When was the last time that you tried something new? The last time that you stepped out of your comfort zone, acknowledged your fear, and did something that you had never done before? The last time that I stepped out of my comfort zone, I leaped out of my comfort zone, was March 3. I jumped into the Artic Waters for a Polar Plunge. My family and I were on an Antarctic Expedition. Besides walking among penguins, seal and Artic birds, we had the choice to jump into 32.5F waters. We all said “Yes!” and took the plunge.
It happened so quickly that we wished for a second opportunity to adjust from the first plunge however it was a one and done opportunity. (Seriously, look at the expression on my face – I want a do-over.)
Not only was this stepping out of my comfort zone, it was even more miraculous because I only learned to swim 10 years ago. I took swim lessons as a child however I did not conquer the skill. Because of my inability to swim, I missed out on swimming with friends and family snorkeling trips. For my 25th Wedding Anniversary, I surprised my husband by taking swim lessons. Stepping out of my comfort zone to learn to swim at the age of 45, I have been able to snorkel all over the world and compete in triathlons.
When we try something new, our brain undergoes changes to adapt to the new experience. The changes can happen in different areas of the brain, depending on the type of activity or task.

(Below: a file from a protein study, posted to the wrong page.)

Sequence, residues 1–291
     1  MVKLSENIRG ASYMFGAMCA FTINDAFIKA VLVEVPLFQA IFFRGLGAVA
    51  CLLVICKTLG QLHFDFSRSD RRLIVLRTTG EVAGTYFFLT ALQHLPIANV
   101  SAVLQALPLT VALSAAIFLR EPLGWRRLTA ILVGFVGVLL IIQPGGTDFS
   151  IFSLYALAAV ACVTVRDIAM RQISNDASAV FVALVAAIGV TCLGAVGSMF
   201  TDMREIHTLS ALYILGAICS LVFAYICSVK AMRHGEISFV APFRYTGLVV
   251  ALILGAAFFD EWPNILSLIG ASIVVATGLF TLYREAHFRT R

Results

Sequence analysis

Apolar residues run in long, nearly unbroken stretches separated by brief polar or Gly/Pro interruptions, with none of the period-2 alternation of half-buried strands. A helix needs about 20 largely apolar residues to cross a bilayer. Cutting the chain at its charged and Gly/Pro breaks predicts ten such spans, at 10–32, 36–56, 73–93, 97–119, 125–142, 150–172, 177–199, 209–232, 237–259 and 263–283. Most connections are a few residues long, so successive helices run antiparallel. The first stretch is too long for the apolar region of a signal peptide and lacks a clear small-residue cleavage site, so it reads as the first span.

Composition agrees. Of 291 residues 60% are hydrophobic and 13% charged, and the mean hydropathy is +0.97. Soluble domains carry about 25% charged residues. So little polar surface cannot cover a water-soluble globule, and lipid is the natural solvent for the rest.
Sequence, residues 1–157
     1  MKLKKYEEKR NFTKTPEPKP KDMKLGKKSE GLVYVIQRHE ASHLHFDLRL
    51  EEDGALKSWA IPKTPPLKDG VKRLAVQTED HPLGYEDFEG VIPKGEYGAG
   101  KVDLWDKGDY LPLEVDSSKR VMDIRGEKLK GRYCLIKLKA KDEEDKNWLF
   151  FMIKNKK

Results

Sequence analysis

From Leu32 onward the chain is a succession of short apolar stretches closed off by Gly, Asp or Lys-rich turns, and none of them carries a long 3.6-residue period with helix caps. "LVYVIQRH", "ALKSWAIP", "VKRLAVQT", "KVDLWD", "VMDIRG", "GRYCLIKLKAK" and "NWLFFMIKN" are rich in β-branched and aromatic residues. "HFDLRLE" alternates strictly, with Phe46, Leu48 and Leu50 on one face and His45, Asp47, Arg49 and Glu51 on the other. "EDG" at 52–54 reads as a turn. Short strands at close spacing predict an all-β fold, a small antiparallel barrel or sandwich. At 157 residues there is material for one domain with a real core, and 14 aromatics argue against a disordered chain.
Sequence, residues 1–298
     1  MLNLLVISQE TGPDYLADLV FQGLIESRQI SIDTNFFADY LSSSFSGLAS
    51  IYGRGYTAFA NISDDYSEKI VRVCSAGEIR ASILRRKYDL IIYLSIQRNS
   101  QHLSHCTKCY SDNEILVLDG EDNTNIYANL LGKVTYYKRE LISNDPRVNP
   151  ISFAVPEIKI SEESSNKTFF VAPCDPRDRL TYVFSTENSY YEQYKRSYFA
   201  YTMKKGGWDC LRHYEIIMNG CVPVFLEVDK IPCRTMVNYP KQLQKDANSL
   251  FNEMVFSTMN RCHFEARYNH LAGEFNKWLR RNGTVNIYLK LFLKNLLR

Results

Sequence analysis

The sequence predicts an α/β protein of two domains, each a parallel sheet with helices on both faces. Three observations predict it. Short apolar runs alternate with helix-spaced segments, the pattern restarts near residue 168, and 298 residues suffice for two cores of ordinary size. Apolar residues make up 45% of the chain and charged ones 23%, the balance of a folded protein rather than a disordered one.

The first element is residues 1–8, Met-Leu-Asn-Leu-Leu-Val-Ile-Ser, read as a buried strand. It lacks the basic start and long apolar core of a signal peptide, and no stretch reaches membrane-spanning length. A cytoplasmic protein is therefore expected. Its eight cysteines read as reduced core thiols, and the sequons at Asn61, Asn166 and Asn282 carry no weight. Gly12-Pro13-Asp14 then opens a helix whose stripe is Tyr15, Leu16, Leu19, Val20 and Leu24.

- Neuroplasticity: This is the brain’s ability to change and adapt. When we try something new, the brain creates new neural connections and strengthens existing ones to accommodate new information.
- Increased dopamine release: Dopamine is a neurotransmitter that is associated with pleasure, reward, and motivation. When our brain releases dopamine during new experiences, it can motivate us to continue exploring and trying new things.
- Increased brain activity: Trying something new can increase activity in several regions of the brain, including the prefrontal cortex, which is involved in decision-making, planning and attention, and the hippocampus, which is involved in memory and learning.
- Improved cognitive function: Trying something new can also improve cognitive function by challenging the brain to learn new skills and information. This can lead to increased mental agility, creativity, and problem-solving abilities.
Stepping out of your comfort zone and trying something new is the gift that keeps on giving. It can be a positive and rewarding experience for the brain, promoting growth, learning and development.
What is standing between you and trying something new? New experiences can lead to personal growth. Don’t delay; take the plunge today!